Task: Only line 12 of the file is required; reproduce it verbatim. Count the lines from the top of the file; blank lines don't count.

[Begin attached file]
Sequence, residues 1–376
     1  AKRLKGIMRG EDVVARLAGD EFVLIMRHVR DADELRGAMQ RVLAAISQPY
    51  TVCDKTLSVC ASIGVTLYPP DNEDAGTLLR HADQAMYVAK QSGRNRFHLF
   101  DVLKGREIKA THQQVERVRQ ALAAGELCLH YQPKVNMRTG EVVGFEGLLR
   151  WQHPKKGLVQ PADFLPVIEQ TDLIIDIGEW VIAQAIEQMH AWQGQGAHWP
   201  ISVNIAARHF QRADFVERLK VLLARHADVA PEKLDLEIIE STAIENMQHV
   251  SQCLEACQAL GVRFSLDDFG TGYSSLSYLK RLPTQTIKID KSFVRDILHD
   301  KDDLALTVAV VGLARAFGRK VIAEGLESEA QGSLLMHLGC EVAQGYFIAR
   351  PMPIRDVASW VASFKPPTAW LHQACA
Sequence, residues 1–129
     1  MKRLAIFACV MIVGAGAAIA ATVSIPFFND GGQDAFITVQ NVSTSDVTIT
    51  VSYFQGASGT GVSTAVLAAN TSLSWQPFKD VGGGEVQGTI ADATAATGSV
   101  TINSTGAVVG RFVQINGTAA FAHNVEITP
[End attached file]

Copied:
    51  VSYFQGASGT GVSTAVLAAN TSLSWQPFKD VGGGEVQGTI ADATAATGSV